32. Wright-Molyneux. British. 1599

World map, the shapes of the continents are perfect, except for North America which has been left unfinished. The coast of each continent is filled with names.
In high resolution. (Photo: Edward Wright/Public domain)

This is the first modern world map created and published in Britain.

It labels the British territories of Virginia and Newfoundland in North America. And it accurately draws the coasts of Africa, Europe, and Asia.

33. Arnoldo di Arnoldi, Belgian. 1600

World map. America's shape is funky again.
(Photo: Arnoldi/Public domain)

This map has many informative legends.

In one, it lets the reader know that Tartaria (in yellow, far right), in Asia, is governed by Christians that arrived in 1290. In another, it describes the inhabitants of Java as short, corpulent, with long faces. And says they go naked and are inhuman and cruel.

He also says the inhabitants of South America tended to be inhuman and cruel, but adds they are now better since the Spaniards converted them to Christianity.

And Arnoldi labels North America ‘Mexicana.’


Read more: 7 European Aristocrats That Ended Up As Slaves in Recent TimesOne of them was a Spanish explorer enslaved by Native Americans


34. Matteo Ricci, Italian. 1602

World map. All the labels and legends are in Chinese.
In high resolution. (Photo: Matteo Ricci/Public domain)

This map was made for the emperor of China. So, following Chinese tradition, China appears near the center of the map.

35. Gerardus Mercator, German. 1623

A circle with the continents inside. Since the world is viewed from the Arctic it looks rather differrent. The Arctic is a round landmass in the middle surrounded by water. The top of America, Europe, and Asia can be seen at the borders of the circle.
In high resolution. (Photo: Gerardus Mercator/Public domain)

The globe seen from the Artic.

At this time, the Arctic had not been explored, so Mercator draws it based on philosophical theories.
The Arctic is in yellow, and at its center, there is a magnetic rock.
(More on this map)

36. John Smith, British. 1627

A collage of six engravings, three on top, three on the bottom. One is a map, the other five  are scenes with Native Americans and John Smith.
Map of Virginia, in North America, and scenes of the life of Captain John Smith. (Photo: Houghton Library/Public domain)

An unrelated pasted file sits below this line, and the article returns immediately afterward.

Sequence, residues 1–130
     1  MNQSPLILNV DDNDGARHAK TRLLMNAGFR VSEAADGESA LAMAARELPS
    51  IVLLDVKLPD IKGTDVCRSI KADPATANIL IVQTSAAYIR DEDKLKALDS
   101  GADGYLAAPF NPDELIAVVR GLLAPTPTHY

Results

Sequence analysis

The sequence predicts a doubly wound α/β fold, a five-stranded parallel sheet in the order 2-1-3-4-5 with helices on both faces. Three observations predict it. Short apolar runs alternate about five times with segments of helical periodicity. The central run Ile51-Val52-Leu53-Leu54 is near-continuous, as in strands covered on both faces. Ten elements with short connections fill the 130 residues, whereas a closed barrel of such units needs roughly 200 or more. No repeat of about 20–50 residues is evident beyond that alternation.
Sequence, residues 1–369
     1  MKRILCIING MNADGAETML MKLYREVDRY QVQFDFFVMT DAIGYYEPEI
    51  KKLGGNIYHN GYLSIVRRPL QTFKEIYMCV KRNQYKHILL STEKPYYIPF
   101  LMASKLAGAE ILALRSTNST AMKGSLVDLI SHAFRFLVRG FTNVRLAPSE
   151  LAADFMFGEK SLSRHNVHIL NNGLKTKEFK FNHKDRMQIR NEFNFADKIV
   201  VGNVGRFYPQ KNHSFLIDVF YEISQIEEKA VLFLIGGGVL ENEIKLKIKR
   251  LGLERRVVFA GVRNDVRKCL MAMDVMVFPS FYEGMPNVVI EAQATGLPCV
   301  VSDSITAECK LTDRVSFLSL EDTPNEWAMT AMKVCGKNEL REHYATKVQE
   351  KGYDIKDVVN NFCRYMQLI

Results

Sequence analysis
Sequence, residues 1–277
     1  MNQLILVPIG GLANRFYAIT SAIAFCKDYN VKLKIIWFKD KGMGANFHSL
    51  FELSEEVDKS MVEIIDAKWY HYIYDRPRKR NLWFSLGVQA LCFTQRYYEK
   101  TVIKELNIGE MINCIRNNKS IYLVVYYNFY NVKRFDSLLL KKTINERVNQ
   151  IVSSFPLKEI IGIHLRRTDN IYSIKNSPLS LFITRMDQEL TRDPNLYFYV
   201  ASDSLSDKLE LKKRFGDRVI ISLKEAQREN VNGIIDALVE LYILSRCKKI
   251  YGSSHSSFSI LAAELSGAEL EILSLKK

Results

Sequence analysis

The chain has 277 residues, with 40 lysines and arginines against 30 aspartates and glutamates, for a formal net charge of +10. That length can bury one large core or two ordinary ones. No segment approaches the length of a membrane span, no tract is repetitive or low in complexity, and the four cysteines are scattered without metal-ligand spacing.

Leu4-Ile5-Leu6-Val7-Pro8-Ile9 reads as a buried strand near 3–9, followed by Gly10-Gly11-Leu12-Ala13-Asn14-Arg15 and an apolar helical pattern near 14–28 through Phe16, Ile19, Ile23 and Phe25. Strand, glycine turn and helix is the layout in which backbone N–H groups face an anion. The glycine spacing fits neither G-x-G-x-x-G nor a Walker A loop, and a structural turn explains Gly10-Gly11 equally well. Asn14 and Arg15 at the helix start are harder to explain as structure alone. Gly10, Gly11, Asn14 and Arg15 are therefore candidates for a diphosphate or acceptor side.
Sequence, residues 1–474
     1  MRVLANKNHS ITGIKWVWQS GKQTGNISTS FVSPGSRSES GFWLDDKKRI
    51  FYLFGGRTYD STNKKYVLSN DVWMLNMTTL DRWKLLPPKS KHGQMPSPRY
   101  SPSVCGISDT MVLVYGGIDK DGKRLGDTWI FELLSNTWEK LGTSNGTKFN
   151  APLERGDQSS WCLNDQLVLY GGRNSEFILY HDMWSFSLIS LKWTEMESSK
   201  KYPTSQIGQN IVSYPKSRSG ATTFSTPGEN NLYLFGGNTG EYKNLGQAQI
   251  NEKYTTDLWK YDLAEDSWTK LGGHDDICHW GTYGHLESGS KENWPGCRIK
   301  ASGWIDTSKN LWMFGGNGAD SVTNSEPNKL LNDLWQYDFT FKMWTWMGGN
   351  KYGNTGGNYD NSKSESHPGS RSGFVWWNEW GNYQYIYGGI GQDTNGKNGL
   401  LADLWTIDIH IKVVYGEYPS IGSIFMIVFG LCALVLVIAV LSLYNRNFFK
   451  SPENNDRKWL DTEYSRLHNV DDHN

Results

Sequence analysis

Captain John Smith -as in Pocahontas’ John Smith- made this work.

Smith arrived in Virginia and helped establish the colony of Jamestown in 1607. It was the first lasting English colony in what is now the US. The colony would suffer several setbacks and finally be abandoned 92 years later.
Founding Jamestown was not easy, either. Enter Smith’s engravings to prove it.

On the bottom center, Smith has placed a map of Virginia, and he has surrounded it with his adventures in those lands.

Smith is captured by a Powhatan Native (top right), who takes him to his tribe. Then, the most famous scene takes place. On the bottom right, Smith is on the ground and is surrounded by the Powhatans. He is about to be killed, but the chief’s daughter, Pocahontas, intervenes and saves him.

Other engravings show him tied to a tree with dancing Natives ready to shoot him (top left), a ceremony (top center), and Smith capturing the chief of another tribe (bottom left).

37. Henricus Hondius, Dutch. 1630

World map in high resolution. Europe in high resolution. Africa in high resolution. Palestine in high resolution.

Australia is in the house!
About time, too, since it was officially discovered in 1606 by the Dutch. They called it New Holland.

New Holland is that pink stretch at the far right of the map, under New Guinea.

Which old world map did you find most perplexing?

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2021-04-19